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There’s this anecdote about **Ramanujan**, one of the brightest mathemacian who lived shortly between 1887 and 1920:

```
I remember once going to see him when he was ill at Putney. I had ridden in taxi cab number 1729 and remarked that the number seemed to me rather a dull one, and that I hoped it was not an unfavourable omen. "No," he replied, "it is a very interesting number; it is the smallest number expressible as the sum of two cubes in two different ways."
```

So apparently:

- $1729 = a^3 + b^3 = c^3 + d^3$, with $(a, b) \neq (c, d)$
- it is the smallest number to have this property

We can verify this by hand, and it’s only a matter of time before you reach the same result.

We can also write some code, or… we can throw the heavy machine and use a solver for this. Z3 is great at this, and the book SAT/SMT by example is a great introduction on the topic of theorem proving. It comes with complete examples, so it’s great if maths

Given **a description of the problem**, Z3 can minimize the solution for us. That’s the awesome part: all you have to do is proprerly describe the problem, and z3 will solve it.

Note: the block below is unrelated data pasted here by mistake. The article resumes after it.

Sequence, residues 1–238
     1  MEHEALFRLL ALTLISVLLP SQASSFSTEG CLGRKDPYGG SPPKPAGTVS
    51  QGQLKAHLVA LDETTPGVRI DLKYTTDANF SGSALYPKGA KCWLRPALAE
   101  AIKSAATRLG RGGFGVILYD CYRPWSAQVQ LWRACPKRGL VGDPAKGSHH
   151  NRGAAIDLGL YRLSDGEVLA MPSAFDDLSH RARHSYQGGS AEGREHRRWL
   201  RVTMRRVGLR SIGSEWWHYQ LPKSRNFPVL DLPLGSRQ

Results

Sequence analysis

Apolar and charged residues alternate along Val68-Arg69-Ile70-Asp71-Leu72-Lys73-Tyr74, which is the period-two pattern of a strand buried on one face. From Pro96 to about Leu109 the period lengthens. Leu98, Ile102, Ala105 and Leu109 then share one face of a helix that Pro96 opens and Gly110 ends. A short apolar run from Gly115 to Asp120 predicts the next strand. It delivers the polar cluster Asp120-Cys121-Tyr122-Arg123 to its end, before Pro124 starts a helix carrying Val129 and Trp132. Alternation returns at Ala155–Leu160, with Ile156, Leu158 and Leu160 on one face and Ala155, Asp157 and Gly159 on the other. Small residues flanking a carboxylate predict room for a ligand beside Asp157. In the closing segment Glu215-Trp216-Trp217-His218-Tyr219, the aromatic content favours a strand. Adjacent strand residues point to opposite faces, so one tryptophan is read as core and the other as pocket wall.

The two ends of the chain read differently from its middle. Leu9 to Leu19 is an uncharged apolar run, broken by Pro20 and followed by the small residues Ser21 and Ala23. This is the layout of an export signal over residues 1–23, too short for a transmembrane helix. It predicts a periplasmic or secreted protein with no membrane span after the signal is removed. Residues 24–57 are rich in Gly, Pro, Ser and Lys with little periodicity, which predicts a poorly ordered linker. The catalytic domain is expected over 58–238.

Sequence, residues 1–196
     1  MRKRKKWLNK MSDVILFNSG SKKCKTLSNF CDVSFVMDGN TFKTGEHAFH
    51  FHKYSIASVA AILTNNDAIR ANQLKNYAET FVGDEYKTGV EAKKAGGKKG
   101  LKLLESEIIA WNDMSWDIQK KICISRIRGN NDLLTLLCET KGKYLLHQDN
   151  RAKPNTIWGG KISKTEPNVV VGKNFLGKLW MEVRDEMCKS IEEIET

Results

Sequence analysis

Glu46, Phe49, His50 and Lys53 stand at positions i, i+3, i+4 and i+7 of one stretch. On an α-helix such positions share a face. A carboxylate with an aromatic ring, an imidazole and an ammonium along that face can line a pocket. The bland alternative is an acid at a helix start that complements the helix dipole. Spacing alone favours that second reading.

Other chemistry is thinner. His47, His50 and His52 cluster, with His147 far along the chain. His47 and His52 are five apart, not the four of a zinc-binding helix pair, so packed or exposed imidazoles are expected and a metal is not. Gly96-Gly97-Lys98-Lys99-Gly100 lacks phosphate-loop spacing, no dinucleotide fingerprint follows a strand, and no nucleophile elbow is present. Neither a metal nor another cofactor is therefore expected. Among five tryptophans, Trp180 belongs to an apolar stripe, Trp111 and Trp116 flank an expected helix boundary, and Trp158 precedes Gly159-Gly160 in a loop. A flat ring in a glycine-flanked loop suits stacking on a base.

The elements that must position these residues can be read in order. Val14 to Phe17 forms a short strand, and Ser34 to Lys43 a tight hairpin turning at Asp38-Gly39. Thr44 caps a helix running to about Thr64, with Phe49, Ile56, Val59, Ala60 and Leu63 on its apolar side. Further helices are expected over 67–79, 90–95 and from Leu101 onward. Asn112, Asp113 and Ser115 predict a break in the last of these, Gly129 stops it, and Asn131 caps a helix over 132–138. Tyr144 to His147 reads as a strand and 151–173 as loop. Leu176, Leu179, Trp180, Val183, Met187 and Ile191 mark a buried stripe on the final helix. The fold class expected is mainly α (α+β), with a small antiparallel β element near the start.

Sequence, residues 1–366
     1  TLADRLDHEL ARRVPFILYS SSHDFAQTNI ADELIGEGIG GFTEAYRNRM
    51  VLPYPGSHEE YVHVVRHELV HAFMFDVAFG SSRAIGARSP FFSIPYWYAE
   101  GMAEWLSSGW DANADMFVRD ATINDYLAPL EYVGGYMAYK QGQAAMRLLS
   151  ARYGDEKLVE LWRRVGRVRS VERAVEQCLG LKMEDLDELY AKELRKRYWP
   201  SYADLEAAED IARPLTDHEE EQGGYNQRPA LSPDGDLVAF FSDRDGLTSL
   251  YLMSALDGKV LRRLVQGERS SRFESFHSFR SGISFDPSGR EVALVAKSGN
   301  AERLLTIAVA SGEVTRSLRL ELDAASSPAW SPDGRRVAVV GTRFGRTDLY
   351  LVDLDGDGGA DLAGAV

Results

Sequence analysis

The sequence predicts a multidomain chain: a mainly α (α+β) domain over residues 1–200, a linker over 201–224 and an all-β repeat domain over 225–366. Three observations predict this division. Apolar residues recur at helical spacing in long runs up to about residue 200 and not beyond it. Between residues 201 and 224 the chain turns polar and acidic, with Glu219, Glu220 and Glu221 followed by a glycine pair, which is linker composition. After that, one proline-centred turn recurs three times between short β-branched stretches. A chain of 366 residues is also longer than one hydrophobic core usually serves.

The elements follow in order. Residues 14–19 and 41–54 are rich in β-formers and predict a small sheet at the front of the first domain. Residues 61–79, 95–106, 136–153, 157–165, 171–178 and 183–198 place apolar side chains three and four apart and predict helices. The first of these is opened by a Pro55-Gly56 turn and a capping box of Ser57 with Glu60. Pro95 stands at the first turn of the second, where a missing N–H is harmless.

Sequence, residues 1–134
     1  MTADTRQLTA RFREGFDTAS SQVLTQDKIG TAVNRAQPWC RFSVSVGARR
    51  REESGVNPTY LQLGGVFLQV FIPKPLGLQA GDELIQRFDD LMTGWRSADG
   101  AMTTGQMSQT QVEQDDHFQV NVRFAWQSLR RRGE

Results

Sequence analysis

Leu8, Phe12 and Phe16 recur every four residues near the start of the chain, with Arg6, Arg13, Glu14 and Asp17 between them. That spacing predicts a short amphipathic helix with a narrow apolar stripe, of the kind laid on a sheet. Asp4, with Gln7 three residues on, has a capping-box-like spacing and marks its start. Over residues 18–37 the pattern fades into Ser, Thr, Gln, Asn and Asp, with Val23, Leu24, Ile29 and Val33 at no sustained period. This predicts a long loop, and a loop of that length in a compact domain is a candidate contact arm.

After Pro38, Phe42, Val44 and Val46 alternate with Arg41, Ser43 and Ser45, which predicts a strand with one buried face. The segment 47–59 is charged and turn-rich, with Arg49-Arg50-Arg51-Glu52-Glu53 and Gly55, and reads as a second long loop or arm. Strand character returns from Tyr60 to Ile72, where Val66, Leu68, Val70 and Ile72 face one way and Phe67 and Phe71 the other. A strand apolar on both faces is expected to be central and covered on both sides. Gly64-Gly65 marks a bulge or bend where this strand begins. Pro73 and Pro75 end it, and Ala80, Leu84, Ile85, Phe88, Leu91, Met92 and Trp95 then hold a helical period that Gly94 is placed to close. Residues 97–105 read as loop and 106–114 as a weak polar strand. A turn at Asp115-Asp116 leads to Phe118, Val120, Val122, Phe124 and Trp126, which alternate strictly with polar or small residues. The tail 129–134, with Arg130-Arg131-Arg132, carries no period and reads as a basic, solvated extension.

Let’s take an example with a system of equations:

```
from z3 import *
# This program solves the following system of equation
# 3x + 2y - z = 1
# 2x - 2y + 4z = -2
# -x + 0.5y - z = 0
# example from https://yurichev.com/writings/SAT_SMT_by_example.pdf
x, y, z = Reals('x y z')
s = Solver()
s.add(3*x + 2*y - z == 1)
s.add(2*x - 2*y + 4*z == -2)
s.add(-x + 0.5*y -z == 0)
print(s.check())
print(s.model())
```

We only said that our problem involves `x`

, `y`

and `z`

, we said there are 3 equations linking them, but we never implemented an algorithm to solve that. And in a few seconds, it will display the solution

```
[z = -2, y = -2, x = 1]
```

So, we can do the same thing to

```
from z3 import *
a, b, c, d = Ints('a b c d')
cube_sum = Int('cube_sum')
s = Optimize()
s.add(a > 0)
s.add(b > 0)
s.add(c > 0)
s.add(d > 0)
s.add(a < 20)
s.add(b < 20)
s.add(c < 20)
s.add(d < 20)
s.add(And(cube_sum == (a * a * a) + (b * b * b)))
s.add(And(cube_sum == (c * c * c) + (d * d * d)))
s.add(And(a != c, a != d, b != c, b != d))
s.minimize(cube_sum)
s.check()
m = s.model()
print(m)
def debug(u, v):
print("{}^3 + {}^3 = {}".format(m[u].as_long(), m[v].as_long(), m[u].as_long() ** 3 + m[v].as_long() ** 3))
debug(a, b)
debug(c, d)
```

And again, it finds the solution.

```
$ python cube_sum.py
[d = 12, c = 1, b = 10, a = 9, cube_sum = 1729]
9^3 + 10^3 = 1729
1^3 + 12^3 = 1729
```

Here it is, $1729 = 9^3 + 10^3 = 1^3 + 12^3$.

Interestingly, you need to setup some upper bounds to the problem:

```
s.add(a < 20)
s.add(b < 20)
s.add(c < 20)
s.add(d < 20)
```

Without those bounds, the search space is way to big and you won’t find a solution in a reasonnable time. That’s an issue because it means you have to know beforehand some elements about the search space, which you may not always have.